Parmet sums up the thought best: "There are lots of milquetoast-looking and -sounding conservatives. I don't think the Senate would balk at somebody who privately opposes Roe, yet takes a less controversial public stance."

Although Jipping points out that no abortion cases dealing with the constitutionality of Roe are now wending their way through the federal courts, that could change quickly with an anti-Roe majority. Dempsey, of the CRLP, has no doubt that an anti-Roe majority of five would prompt an anti-abortion state like Nebraska to reintroduce its partial-birth-abortion ban, which was struck down last year. In that case, Stenberg v. Carhart, the Supreme Court invalidated the Nebraska legislation because it prohibited not just one procedure, but an array of common and safe methods. The Court also ruled that the law didn't make appropriate exceptions for a woman's health.

With an anti-Roe majority on the Court, however, Nebraska -- and as many as 29 other states with similar bans in the pipelines -- could rewrite the legislation so that it outright prohibits a certain type of procedure after, say, 20 weeks of pregnancy. Or it could flat-out specify that a woman can have this type of procedure only if she faces death going into delivery. "I would bet that piece of legislation makes its way through the state legislature and before the courts in no time were anti-Roe justices appointed," Dempsey says. She adds, "An anti-Roe majority could uphold [such] legislation. That would basically mean that you don't have a right to an abortion at all."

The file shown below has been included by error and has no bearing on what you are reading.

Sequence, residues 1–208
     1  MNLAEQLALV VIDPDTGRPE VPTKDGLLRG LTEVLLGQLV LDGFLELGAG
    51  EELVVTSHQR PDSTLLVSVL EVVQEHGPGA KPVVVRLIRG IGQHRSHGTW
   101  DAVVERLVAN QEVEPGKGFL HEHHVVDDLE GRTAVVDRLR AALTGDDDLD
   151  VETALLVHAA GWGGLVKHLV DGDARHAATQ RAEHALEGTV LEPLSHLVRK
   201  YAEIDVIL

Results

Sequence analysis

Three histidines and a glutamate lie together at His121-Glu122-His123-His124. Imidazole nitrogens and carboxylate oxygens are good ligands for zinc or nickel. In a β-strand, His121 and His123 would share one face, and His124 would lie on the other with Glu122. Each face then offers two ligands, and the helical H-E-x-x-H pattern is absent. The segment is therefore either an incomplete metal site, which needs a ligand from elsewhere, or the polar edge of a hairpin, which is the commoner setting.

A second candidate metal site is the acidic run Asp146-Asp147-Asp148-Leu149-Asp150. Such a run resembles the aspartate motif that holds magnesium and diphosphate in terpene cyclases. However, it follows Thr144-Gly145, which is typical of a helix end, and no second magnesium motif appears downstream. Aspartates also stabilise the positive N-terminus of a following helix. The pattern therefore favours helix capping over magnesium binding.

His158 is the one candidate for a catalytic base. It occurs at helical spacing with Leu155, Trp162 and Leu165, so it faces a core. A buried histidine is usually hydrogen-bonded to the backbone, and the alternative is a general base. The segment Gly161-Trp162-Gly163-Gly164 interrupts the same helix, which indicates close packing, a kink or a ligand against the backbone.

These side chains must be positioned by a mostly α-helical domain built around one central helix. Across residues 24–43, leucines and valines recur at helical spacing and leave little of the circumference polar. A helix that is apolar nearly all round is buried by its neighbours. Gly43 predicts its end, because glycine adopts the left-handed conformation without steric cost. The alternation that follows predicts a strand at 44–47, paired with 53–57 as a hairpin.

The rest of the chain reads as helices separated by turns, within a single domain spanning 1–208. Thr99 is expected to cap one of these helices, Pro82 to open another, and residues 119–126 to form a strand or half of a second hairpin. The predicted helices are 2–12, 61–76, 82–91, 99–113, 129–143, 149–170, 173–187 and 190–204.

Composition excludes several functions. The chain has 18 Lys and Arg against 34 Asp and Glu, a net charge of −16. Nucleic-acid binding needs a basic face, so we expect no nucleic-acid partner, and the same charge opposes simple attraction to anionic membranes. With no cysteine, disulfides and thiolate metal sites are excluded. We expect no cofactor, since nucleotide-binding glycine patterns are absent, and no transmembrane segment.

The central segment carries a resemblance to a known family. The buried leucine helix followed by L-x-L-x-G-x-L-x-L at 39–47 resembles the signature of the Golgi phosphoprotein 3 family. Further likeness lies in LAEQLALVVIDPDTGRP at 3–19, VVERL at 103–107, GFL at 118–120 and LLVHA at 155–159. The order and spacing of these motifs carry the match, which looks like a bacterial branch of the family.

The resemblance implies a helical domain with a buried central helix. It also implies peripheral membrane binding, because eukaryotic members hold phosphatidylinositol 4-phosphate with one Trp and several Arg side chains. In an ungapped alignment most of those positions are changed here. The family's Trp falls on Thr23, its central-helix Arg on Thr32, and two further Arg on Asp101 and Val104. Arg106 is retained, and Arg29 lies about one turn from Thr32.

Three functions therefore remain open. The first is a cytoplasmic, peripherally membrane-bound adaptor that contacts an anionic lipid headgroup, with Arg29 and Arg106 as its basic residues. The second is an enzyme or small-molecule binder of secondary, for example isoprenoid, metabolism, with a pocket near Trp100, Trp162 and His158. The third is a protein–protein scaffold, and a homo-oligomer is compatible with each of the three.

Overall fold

Ultimately, though, some observers doubt the Supreme Court would overturn a precedent with as much public salience as Roe -- regardless of whether it achieves an anti-Roe majority. Boston University professor Kenneth Simons, who teaches constitutional law, notes that the Court rarely falls out of step with popular opinion. "The Court pays attention to public sentiment," he says. And this, he adds, explains its more recent decisions allowing for restrictions on abortion. A January report by the Gallup Organization, for example, shows that the percentage of people who want abortion outlawed has remained between 17 and 19 percent. Yet only 28 percent of people believe that abortion should remain legal in all circumstances, while 51 percent support the procedure sometimes. Concludes Simons, "The court is close to the middle position on what many people believe about abortion."